All of this is not to say that a lack of translation will prevent you from enjoying the film. After all, it works on such a visceral -- perhaps even primal -- level that it’s difficult to resist getting drawn in. However, you should keep in mind that the rigors of the experience might leave you trembling like a Chihuahua who’s had someone angrily yelling into his ear for two-plus hours. This is filmmaking at its most rough and raw, and anyone hoping for moments of meditative beauty or transporting flights of lyricism should probably run very far away.

At Maula Jat’s conclusion, our hero faces off against Nuri Nath and a dozen of his men, armed only with his Gandaasa, a gnarly looking farming implement that is his character’s signature weapon (basically comprised of a long staff with a razor sharp, cleaver-like blade on the end). The rapid-fire carnage that follows -- with Maula bloodily slicing, dicing and chopping his way through the lot until his shirt is transformed from white to deep red -- is awe inspiring, but apparently not as much so in the currently available cut as could have been. Omar Khan over at the Hotspot Online provides an account of attending a screening of the pre-censor-approved, original cut of the film, with producer Sarwar Bhatti in attendance, and confirms that that version contains enough tossing around of viscera and severed appendages to please even the most bloodthirsty gorehound.

Even with the aforementioned offending footage excised at the censor’s request, it was Maula Jat’s violence that provided the Zia government with the excuse to attempt a ban on it. Fortunately, producer Bhatti succeeded in winning a court ordered, two-and-a-half year stay on that ban, during which Maula Jat played in theaters continuously, ceasing it’s monumental run only after the prints were forcibly removed by authorities. Meanwhile, Sultan Rahi had already embarked upon the hard work of being the personification of righteous fury for an entire, apparently pretty pissed off populace, keeping a staggering schedule that had him working on up to thirty-five films at a time -- among the fruits of which would eventually be two official sequels to Maula Jat. Certainly, numbers like that don’t frequently produce art, but, as Maula Jat demonstrates, with the right ingredients, they can still produce works of undeniable, raw power.


Beth Loves Bollywood said...

She dances to death out of relief/triumph of not being raped? And she's not even anyone's sister or cousin or friend? Whoa. I wonder if that's some sort of really sinister condemnation of a woman who has had the misfortune to be a victim - I feel like we see that in the rape-ier (not rapier, obviously) Indian films of the 80s and early 90s.

I would love to see this with people who could 1) translate (both linguistically and culturally) and 2) were around at its initial release and remember some of the goings-on around that time. Though as you say, some things are clear without words.

Todd said...

I do think that there's an element of "preserving the family honor" to her self inflicted death, but I can't say conclusively without translation. I think it's probably also important to note that the first thing that Maula Jat does when she comes to him, before he thrashes her pursuer, is cover her hair with a white cloth.

Beth Loves Bollywood said...

Ah yes. That would do it. Very interesting re: the cloth! Yet another reason to watch this with someone with massive cultural knowledge.

leeqa said...

Found your blog because of Beth! Just wrote something on Maula Jatt as well, and it is pale by comparison by your piece. Bravo, and assuming you didn't have the translation of the said movie.

Few very quick things! First the disco death scene! Okay there is nothing in the dialogues that determine the motivation behind the would-be-rapee to start dancing! I suppose it was achieved to reach a particular goal, which was not to have a single woman with attempted rape in her history, given her would-be-rapist would be killed in the next scene by his sister.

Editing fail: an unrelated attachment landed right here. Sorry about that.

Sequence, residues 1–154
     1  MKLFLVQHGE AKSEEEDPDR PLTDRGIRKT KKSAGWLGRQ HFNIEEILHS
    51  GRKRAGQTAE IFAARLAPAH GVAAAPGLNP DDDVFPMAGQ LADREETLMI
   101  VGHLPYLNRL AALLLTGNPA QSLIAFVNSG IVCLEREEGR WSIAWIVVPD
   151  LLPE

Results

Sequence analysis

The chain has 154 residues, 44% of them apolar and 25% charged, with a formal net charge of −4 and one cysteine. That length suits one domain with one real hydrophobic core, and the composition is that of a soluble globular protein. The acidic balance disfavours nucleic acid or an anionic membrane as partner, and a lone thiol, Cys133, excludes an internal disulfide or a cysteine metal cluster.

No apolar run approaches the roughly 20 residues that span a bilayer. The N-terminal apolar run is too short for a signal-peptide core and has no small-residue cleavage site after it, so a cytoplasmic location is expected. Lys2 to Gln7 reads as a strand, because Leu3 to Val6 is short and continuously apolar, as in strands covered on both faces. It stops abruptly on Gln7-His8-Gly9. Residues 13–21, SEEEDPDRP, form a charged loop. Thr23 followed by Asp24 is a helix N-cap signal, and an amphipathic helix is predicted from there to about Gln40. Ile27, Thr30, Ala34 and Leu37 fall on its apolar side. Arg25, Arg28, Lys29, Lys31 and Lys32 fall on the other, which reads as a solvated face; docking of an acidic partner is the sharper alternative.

As for Maula vs. Noori! I thought they were more similar than different. They both are ruthless, vicious, and ultimately driven by ego! The only difference was the filmakers motivated the audience to root for one of the characters (the one who saved the raped vs. the one who's brother tried to rape).

As for the message in the movie which might have been aimed at the military rule: I do not really think so thats a plausible scenario (and given i was born in 86, i might be totally wrong as well). Yes, one must concede that a message can be construed from the movie which calls for individuals, esp in the rural setting, to take matter in their own hands when they are dealing with corrupt and/or unjust social institutions. How much the filmakers intended this target to be the military rule, one cannot say, but certainly it might have targeted the gentry and the landlords that always are in cohort with any govt that is in power - civilian or military. By an extension, the govt might have felt threatened, but perhaps the film makers never tried to aim for the govt.

I shall read more of your Pakistani cinema material, soon!

Todd said...

Thanks, Leeqa. I'm glad to have your input on Maula Jat!.

The whole idea about the connection between Maula Jat's success and the Zia-ul-Hag regime came from Mushtaq Gazedar's history of Pakistani cinema. And I think that the point -- which I'm sure I failed miserably to convey -- was not that the film itself contained any kind of intentional message about the current political situation, but that public frustration about that political situation was a contributing factor to the film's popularity. In other words, Maula Jat, with all his throaty righteousness and thirst for frontier justice, just happened to come along at the right time to benefit from popular feelings of powerlesness and outrage. Of course, the overwhelming mystery of a phenomenon like that of Maula Jatt makes it tempting for an outsider like myself to grasp onto such a sweeping explanation, while, at the same time, I have no idea independent of what I've read whether it's true or not.

It seems like you and I are of the same mind regarding the similarities between Maula and Nuri, which indeed makes Maula seem like something of an arbitrary choice for a hero. Interestingly, your review seems to go on to suggest that there is an undercurrent of bromance to their relationship, which is something I sort of thought I saw, but didn't feel secure enough about to put forward, given my inability to understand the dialog.

Anyway, I really enjoyed your review. Mine was definitely lacking an infographic!